ReutersBy Kate KellandJanuary 11, 2017
LONDON — It is likely to be at least 10 years before any new generation of antidepressants comes to market, despite evidence that depression and anxiety rates are increasing across the world, specialists said on Wednesday. The depression drug pipeline has run dry partly due to a "failure of science" they said, but also due to big pharma pulling investment out of research and development in the neuroscience field because the profit potential is uncertain. "I’d be very surprised if we were to see any new drugs for depression in the next decade. The pharmaceutical industry is simply not investing in the research because it can’t make money from these drugs," Guy Goodwin, a professor of psychiatry at the University of Oxford, told reporters at a London briefing.Andrea Cipriani, a consultant psychiatrist at Oxford, said such risk aversion was understandable given uncertain returns and the approximately billion dollar cost of developing and bringing a new drug to market. "It’s a lot of money to spend, and there’s a high rate of failure," Cipriani said. Treatment for depression usually involves either medication, some form of psychotherapy, or a combination of both. But up to half of all people treated fail to get better with first-line antidepressants, and around a third of patients are resistant to relevant medications.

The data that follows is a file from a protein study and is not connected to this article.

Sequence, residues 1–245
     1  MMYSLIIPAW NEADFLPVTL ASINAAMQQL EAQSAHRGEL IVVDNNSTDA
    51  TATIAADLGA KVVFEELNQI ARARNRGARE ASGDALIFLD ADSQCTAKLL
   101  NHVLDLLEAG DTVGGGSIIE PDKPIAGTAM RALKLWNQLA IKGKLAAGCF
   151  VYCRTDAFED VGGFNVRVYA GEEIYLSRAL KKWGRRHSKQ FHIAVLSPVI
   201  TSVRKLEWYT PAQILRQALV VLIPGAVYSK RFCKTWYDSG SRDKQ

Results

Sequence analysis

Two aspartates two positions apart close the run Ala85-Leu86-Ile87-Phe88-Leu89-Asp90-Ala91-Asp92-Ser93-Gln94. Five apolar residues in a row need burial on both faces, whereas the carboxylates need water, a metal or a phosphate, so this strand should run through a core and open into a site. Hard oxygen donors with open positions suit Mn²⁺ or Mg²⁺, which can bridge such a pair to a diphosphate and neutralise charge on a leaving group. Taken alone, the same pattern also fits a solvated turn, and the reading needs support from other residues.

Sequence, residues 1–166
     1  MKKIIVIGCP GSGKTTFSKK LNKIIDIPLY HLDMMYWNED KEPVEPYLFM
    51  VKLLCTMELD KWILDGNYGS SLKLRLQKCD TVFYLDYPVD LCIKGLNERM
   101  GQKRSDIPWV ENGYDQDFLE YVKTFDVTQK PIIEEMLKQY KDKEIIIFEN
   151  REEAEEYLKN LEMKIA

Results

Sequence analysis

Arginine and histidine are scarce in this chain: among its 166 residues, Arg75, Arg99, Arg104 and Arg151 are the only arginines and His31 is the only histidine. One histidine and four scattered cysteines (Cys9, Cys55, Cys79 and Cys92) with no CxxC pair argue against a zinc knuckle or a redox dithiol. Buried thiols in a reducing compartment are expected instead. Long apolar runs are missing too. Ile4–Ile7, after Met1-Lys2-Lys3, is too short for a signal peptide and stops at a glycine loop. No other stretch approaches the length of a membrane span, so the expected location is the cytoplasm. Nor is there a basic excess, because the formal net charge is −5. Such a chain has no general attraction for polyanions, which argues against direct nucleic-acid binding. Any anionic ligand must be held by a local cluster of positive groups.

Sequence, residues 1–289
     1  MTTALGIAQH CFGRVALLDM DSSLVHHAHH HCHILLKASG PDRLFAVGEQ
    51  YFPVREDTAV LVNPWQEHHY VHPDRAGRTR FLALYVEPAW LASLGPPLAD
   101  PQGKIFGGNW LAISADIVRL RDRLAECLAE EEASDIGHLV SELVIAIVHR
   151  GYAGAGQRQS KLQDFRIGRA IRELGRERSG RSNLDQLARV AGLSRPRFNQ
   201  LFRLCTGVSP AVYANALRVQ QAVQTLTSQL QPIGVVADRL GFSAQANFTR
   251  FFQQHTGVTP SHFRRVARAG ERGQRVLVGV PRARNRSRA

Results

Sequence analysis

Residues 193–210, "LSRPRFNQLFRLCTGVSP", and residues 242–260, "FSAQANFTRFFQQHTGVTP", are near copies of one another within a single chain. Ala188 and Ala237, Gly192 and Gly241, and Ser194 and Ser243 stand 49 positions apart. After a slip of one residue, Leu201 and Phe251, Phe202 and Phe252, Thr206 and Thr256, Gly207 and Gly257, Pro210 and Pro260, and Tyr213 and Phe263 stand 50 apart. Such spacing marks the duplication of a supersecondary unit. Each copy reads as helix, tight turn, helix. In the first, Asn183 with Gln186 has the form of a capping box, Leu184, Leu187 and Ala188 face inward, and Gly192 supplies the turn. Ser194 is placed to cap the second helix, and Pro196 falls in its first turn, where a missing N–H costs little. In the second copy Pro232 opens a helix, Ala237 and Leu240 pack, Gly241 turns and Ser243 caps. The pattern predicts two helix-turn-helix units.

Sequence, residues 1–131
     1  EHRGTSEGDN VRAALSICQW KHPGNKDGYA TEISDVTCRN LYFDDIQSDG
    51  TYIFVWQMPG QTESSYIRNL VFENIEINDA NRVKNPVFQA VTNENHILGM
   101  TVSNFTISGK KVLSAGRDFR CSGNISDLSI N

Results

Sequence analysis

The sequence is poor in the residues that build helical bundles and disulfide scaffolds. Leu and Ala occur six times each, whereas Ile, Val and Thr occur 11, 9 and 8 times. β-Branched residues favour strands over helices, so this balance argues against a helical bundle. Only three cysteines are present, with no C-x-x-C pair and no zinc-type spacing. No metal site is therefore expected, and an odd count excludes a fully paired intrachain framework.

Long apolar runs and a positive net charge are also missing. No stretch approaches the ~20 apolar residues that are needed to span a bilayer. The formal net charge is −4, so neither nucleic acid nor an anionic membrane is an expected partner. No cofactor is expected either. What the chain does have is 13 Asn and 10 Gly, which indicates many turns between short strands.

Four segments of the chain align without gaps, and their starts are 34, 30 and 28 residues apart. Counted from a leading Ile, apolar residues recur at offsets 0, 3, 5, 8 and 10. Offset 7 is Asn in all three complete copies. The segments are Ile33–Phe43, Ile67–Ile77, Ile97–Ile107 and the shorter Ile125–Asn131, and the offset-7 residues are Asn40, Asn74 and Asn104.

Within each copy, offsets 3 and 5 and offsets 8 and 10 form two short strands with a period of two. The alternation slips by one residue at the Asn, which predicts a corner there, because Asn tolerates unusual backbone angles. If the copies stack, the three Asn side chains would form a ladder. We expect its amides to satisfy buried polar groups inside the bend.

There were many attempts to enhance efficacy – sequencing, combining, augmenting with a variety of other drugs. Non-responders were said to have Treatment Resistant Depression, discussed almost as if it represented a unique entity. Multiple markers were queried looking for something that would predict the right drug – called Personalized Medicine. Practitioners and patients alike kept their eyes on the future – what’s coming down the pipeline. And there was a vague sense that the newer drugs were improvements over the earlier offerings, though that’s hard to justify in retrospect. Somewhere in there, the notion developed that the incidence of depression was rising rapidly, although that was hard to put together with the predominant view that depression was a biological-?-genetic entity. And the scientific basis for that escalating prevalence is hard to pin down.